Two very accurate clocks were used to test this idea. One was mounted at the base of a tall tower; the other at the top of the tower. Sure enough, the clock at the top ran faster. While measurable, though, the difference is generally not significant (the extra time I would appear to gain by writing this on my rooftop--when an hour had passed on the ground, slightly more than an hour would have passed on the roof--would not be worth the climb). Still, the effect does have important implications. Satellites used for precision land-based navigation systems are high enough above the Earth that the corrections for differences in the passage of time must be made or calculated results can be off by several miles!

      Relativity also predicts that the greater the difference in motion between two objects, the greater the differences in the passage of time for those objects. Another experiment involving three very accurate clocks showed this to be true. One clock was placed in an airplane traveling in the same direction as the earth's rotation, and one in an airplane traveling opposite the earth's rotation. After a period of time, these clocks were compared to a third clock on earth. The moving clocks either gained or lost time (depending on the direction traveled) when compared to the third clock.

 A Trip of (More Than) A Lifetime?

      Perhaps one of the most interesting implications of Einstein's theory relates to space travel. Suppose future technologies allow travel at speeds near that of light. At such speeds, time passes much more slowly. If travelers left the Earth and zipped through space for, by their measure, several years, they would return to find that much more time, perhaps hundreds of years, had passed on Earth! Even on relatively short trips at such high speeds, astronauts could conceivably return to earth to find their children older than themselves.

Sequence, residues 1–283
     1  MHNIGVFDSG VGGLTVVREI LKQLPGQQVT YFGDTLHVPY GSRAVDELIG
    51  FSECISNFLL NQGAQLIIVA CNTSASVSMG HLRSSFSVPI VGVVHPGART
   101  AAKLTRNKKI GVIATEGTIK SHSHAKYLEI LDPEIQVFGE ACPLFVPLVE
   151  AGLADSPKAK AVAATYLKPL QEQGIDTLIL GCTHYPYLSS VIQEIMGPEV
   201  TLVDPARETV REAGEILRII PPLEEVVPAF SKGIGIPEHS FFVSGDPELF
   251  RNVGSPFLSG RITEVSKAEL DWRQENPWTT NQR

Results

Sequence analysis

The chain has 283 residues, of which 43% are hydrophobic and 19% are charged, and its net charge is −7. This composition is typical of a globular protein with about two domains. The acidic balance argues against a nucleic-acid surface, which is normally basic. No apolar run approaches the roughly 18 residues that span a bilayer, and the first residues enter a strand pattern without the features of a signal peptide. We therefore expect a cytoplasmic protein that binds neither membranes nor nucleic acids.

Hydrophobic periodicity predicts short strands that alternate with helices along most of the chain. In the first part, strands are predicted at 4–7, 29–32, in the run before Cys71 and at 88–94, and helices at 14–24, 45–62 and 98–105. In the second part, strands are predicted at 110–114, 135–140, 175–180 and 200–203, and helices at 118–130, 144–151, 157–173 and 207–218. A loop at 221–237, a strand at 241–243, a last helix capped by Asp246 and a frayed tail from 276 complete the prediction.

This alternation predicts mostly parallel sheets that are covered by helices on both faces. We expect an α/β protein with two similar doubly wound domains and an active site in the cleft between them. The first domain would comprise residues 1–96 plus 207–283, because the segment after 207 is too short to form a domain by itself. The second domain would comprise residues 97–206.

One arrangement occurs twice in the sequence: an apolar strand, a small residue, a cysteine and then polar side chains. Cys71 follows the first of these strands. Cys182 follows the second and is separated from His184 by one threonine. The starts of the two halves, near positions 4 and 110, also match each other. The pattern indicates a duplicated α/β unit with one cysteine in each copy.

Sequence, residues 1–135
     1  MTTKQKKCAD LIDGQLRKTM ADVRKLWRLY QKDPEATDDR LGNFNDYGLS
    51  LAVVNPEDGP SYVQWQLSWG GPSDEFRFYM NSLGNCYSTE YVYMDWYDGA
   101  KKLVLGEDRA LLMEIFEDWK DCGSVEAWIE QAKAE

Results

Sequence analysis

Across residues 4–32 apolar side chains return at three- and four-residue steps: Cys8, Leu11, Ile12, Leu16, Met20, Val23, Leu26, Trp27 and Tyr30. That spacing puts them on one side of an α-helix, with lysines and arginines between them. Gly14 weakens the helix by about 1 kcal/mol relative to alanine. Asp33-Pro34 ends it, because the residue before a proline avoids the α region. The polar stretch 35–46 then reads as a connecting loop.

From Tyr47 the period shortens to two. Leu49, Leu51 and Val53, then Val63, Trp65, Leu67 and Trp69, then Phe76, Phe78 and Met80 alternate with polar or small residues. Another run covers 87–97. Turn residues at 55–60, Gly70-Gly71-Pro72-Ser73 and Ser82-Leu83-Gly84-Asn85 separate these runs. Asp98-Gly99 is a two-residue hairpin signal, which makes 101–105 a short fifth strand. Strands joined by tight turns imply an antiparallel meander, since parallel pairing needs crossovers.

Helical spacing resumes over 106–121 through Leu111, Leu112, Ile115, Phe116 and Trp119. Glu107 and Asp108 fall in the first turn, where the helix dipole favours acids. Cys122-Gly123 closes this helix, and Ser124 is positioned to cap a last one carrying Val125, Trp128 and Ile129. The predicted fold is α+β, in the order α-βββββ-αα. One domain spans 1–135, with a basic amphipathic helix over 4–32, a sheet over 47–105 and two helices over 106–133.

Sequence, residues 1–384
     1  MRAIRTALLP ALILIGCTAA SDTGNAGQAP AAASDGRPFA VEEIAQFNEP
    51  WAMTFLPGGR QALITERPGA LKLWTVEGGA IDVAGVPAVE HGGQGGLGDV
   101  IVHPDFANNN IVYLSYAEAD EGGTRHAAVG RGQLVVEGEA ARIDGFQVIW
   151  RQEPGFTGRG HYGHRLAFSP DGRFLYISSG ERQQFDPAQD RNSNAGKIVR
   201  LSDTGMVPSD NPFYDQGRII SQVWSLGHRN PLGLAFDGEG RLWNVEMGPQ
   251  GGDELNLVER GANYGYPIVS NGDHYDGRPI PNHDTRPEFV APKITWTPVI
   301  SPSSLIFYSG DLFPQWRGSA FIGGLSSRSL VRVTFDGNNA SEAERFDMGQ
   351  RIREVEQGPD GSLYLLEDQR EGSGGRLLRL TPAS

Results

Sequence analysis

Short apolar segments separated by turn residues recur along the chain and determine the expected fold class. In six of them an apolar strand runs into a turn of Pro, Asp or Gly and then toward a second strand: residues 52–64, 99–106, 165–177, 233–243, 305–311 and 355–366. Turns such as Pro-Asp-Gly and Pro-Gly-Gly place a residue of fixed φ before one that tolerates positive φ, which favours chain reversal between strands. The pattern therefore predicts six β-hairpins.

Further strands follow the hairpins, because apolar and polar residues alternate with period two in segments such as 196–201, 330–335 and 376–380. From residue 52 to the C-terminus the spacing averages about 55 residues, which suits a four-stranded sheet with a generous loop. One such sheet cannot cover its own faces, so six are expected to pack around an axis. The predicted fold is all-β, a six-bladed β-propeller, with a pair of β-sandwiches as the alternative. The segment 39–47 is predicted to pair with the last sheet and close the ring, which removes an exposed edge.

We live in an interesting time. We are surrounded by time saving devices and yet are forced to manage our time more carefully than at any time in the past. Balancing family, career, and personal interests is no easy task. In the end, though, our lives will be measured not by how we saved time, but by how we spent it. The next time you glance at your watch to see how much time you have, why not spend just a little of it pondering the wondrously mysterious nature of our world.

1997, 2006  Dirk Oden

   
   
 

This site was last updated 03/08/07